• Establishing Enterprise Governance for Common Services - Increasing the value of data and services and easing the impact on consumers will require common functionality and interfaces for the essential core services. Establishing technical, operational, and programmatic oversight and governance is essential to the emergence of a functioning ecosystem of providers and consumers.


    Definition: Defense Information Enterprise

      The Department of Defense information resources, assets, and processes required to achieve an information advantage and share information across the Department and with mission partners. It includes: (a) the information itself, and the Department's management over the information life cycle; (b) the processes, including risk management, associated with managing information to accomplish the DoD mission and functions; (c) activities related to designing, building, populating, acquiring, managing, operating, protecting and defending the information enterprise; and (d) related information resources such as personnel, funds, equipment, and information technology, including national security systems.

    The DoD CIO governed Defense Information Enterprise enables a new, net-centric way of working – it is constructed from the information itself, as well as a set of standards, services and procedures that enable information to be widely available to authorized users. It is a set of services and tools that provide information and capabilities that enable end-user communities to more effectively and efficiently support mission operations. Finally, the Defense Information Enterprise includes the networks over which information travels and the security protocols that protect it.

    Communities of Interest must decide the specific information their users need to perform their missions. Each community must determine, design and implement solutions based on business process review and engineering efforts that leverage enterprise resources to meet mission needs.

    Enterprise Services

    As the net-centric environment evolves, an ever increasing number of information services will become available to users across DoD. It will be critical to maintain acceptable and measurable levels of support for all Enterprise capabilities. Users will have certain expectations regarding the pedigree, reliability and availability of Enterprise Services, and these attributes should be consistent across all such services. Being able to do this requires Enterprise Services to be defined and characterized.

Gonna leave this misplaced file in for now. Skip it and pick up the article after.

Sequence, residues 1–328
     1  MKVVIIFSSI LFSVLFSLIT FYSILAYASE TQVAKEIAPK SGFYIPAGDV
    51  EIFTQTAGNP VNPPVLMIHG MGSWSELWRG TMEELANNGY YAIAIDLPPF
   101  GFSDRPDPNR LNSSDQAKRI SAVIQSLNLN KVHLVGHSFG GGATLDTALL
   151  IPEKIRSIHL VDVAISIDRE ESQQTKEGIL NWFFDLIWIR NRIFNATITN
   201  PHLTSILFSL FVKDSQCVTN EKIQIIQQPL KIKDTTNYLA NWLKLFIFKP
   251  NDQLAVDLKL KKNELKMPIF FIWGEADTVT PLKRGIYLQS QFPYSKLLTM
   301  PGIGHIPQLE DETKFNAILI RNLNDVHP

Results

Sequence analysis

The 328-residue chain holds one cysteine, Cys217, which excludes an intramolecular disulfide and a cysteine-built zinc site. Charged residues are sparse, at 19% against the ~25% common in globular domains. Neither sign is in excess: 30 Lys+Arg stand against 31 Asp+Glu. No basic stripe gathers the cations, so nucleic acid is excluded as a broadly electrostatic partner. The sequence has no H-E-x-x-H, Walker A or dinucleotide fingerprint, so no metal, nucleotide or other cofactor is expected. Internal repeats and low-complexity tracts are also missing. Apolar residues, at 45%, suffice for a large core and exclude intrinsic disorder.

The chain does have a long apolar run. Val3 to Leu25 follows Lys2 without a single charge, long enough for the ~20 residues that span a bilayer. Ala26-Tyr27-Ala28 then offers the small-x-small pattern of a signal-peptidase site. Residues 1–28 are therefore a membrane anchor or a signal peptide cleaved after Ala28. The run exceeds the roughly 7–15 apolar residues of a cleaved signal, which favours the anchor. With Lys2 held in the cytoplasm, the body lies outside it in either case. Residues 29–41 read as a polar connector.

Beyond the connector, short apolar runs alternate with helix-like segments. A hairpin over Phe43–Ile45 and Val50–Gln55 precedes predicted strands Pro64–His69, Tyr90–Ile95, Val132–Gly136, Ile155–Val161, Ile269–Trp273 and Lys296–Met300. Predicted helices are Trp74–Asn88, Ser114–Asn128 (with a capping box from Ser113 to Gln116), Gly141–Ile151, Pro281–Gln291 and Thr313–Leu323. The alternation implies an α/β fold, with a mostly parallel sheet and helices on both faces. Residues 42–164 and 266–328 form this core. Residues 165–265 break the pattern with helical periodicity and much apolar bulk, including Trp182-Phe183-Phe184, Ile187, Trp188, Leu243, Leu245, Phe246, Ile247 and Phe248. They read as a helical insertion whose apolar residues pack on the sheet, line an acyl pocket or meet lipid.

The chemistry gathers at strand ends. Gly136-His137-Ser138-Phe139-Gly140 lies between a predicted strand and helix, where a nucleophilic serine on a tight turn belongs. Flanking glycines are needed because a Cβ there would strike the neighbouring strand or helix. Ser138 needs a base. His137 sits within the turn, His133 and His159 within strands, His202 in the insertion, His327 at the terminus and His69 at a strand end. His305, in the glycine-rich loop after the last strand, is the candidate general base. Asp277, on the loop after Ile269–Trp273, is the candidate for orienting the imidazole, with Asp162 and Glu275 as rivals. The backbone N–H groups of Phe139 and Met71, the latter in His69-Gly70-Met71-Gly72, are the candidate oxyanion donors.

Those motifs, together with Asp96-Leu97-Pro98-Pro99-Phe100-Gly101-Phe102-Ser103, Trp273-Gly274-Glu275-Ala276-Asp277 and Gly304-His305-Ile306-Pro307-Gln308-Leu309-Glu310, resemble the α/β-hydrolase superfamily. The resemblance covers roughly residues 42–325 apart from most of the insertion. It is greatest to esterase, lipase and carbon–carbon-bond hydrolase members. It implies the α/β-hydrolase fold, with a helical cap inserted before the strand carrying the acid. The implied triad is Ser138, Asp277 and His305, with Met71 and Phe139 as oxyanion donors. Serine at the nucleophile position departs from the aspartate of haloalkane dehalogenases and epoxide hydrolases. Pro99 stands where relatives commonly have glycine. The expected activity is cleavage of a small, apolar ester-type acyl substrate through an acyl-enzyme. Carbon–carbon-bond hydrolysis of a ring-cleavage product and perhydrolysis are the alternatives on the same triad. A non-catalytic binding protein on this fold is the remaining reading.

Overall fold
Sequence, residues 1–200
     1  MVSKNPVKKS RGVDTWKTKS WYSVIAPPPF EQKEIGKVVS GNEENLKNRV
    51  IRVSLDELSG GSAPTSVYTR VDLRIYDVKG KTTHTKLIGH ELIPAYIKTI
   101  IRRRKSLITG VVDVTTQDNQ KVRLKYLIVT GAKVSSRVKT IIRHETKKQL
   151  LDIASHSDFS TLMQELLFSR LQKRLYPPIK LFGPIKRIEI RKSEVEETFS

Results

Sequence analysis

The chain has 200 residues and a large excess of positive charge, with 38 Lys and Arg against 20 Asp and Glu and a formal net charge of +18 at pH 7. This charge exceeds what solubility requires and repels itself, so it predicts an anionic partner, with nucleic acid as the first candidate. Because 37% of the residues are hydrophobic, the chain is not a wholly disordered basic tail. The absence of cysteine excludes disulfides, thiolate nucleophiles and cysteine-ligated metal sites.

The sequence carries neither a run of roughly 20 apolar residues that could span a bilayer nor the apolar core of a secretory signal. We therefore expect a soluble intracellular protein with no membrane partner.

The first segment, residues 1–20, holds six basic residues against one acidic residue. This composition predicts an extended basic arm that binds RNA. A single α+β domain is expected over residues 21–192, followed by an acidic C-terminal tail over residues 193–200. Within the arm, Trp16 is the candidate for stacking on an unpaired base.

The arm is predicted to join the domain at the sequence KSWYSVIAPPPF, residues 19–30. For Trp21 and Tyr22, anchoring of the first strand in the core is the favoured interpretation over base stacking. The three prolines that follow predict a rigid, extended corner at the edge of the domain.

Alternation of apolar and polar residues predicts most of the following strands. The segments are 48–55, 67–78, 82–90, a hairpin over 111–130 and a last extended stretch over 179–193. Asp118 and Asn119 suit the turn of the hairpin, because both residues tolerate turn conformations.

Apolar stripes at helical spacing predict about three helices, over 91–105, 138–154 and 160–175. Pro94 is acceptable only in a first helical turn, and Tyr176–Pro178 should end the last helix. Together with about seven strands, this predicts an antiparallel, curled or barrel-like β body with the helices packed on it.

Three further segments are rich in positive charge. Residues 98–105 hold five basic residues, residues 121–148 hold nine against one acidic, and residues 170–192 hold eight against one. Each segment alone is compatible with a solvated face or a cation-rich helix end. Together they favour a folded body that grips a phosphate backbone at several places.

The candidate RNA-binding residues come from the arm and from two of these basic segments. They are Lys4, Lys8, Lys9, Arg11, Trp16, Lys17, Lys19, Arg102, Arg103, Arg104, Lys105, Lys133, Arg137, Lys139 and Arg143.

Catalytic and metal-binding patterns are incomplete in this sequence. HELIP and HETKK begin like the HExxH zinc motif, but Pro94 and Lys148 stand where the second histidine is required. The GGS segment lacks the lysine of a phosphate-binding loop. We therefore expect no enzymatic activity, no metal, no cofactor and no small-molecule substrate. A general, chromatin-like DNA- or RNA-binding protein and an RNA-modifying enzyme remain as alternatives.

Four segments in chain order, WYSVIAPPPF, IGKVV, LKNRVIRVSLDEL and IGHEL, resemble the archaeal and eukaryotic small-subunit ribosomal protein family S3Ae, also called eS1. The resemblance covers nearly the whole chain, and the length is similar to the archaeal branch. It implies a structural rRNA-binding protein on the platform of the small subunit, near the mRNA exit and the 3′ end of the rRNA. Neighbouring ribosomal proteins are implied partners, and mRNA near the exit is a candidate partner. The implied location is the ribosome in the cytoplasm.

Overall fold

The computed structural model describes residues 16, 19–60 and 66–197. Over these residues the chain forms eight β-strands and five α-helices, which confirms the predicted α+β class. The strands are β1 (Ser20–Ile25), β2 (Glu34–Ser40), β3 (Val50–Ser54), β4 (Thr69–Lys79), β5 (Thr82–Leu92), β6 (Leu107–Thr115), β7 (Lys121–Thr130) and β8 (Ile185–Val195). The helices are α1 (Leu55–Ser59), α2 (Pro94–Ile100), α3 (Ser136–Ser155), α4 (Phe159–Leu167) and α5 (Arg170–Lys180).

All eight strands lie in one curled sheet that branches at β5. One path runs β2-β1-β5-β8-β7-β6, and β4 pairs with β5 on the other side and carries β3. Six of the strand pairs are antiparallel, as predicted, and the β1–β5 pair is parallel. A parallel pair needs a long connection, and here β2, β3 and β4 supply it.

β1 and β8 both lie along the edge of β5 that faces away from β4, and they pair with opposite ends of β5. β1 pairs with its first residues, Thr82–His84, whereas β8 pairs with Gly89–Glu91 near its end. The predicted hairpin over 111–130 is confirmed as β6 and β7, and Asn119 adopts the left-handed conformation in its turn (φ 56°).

An Enterprise Service is any capability provided for broad use across the Department of Defense that enables awareness of, access to or delivers information across the GIG.


    • Enterprise Services may be provided by any source within the Department of Defense - or any of its trusted partners.
    • Enterprise Services providing data or information shall be authoritative and, thus, trusted as being accurate, complete and having assured integrity. Authoritative information has a pedigree that can be traced to a trusted source.
    • Enterprise Services must be hosted in environments that meet minimum GIG computing node standards in terms of availability, support and backup.

    A small set of Enterprise Services, designated as Core Enterprise Services, are mandated for DoD-wide use by the DoD CIO in order to provide enterprise-wide awareness, access and delivery of information via the GIG.

    Principles and Business Rules

    The principles and rules detailed on the next page define how data and services will be treated in the net-centric environment and, thus, apply to all appropriate DoD IT investments regardless of Component or portfolio.